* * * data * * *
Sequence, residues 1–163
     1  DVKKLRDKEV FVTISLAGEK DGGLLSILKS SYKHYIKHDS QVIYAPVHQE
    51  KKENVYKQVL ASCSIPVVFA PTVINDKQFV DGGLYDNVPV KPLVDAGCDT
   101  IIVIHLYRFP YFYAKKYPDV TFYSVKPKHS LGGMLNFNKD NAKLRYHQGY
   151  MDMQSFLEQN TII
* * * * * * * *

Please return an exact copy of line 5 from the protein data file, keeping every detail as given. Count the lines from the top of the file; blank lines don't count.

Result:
   151  MDMQSFLEQN TII